[Resilience Supplement] — Flows vs Stocks – The human economy runs on natural resources like copper, iron and phosphorous. Globally $1 of GDP results in about 1KG of extracted minerals, energy and materials. We are particularly dependent on high density energy resources like oil and natural gas and from a long term perspective we are living during what might be called ‘the Carbon Pulse’, a one time bolus [dose] of fossil productivity injected into the human ecosystem. 98% of physical labor in modern world is done by machines which in turn are 85% powered by energy-dense carbon compounds. Few think about it, but 1 barrel of crude oil, at 5.8 million BTUs, for which we currently pay about $66 [as of today, June 1, 2018], contains the work equivalent of 4.5 years of human labor, for which we pay (in USA) $140,000. The average American uses 54 of these ‘barrels’ per-year directly, with an additional 10-20 via imported goods, equating to about 300 ‘fossil slaves’ supporting our lifestyles. In effect, though we eat about 2,500 calories via food, we each ‘consume’ over 200,000 calories per day overall. Our culture effectively treats all these geological inputs as ‘flows’ (like rivers, rain, sunlight, tree growth) but they are depletable stocks. No natural resource stocks are renewable on human time scales. Drilling holes is not sustainable. Our cultural stories conflate* stocks with flows. [*conflate – to equate or confuse meanings of two terms]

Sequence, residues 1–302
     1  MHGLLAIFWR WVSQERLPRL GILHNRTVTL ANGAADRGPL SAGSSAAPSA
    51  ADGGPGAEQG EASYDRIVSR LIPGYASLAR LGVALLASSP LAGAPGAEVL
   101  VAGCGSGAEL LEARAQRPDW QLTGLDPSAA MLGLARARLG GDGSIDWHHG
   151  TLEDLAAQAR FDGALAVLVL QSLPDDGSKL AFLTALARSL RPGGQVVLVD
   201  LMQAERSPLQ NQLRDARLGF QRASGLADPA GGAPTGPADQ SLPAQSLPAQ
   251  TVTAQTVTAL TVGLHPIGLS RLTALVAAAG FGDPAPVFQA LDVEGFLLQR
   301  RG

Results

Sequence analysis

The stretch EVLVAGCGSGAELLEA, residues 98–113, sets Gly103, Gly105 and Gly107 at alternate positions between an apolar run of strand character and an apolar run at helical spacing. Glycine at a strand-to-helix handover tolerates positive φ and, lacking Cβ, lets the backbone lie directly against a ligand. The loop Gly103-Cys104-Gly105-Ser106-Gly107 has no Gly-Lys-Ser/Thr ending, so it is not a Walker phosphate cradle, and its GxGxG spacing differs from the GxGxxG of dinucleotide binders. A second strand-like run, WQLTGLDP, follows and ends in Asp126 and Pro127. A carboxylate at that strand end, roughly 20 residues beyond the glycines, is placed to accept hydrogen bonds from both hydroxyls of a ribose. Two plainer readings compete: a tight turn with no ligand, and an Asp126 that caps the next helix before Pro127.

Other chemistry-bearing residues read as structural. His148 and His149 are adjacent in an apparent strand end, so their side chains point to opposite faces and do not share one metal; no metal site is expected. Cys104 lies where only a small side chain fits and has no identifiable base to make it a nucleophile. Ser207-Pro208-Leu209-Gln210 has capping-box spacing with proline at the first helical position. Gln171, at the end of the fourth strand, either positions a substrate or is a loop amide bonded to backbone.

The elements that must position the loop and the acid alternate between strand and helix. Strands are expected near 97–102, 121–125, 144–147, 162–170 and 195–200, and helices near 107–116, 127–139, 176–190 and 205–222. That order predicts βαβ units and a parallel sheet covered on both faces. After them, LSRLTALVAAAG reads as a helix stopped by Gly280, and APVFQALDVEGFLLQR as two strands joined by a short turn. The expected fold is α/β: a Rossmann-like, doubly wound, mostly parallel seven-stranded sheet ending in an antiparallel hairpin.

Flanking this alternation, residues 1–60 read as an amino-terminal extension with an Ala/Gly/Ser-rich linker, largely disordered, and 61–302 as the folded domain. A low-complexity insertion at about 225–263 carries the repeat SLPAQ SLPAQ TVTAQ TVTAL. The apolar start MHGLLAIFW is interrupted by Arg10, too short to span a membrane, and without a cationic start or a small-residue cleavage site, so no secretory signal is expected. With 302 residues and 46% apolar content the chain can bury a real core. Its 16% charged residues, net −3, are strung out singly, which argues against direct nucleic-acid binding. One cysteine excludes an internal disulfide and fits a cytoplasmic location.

About Dr. Nathan John Hagens – Hagens, 51, worked on Wall Street at Lehman Brothers and Salomon Brothers for 10 years before closing his own hedge fund in 2003 to develop a systems synthesis approach to the human predicament. At present, Dr. Hagens is a professor at the University of Minnesota where he teaches a systems synthesis Honors seminar called Reality 101, A Survey of Human Predicament. The readings and lectures cover literature in systems ecology, energy and natural resources, thermodynamics, history, anthropology, human behavior, neuroscience, environmental science, sociology, economics, globalization/trade, and finance/debt with an overarching goal to give students a general understanding of how our human ecosystem functions as a whole.
Visit Nate Hagens’ personal website at The Monkey Trap.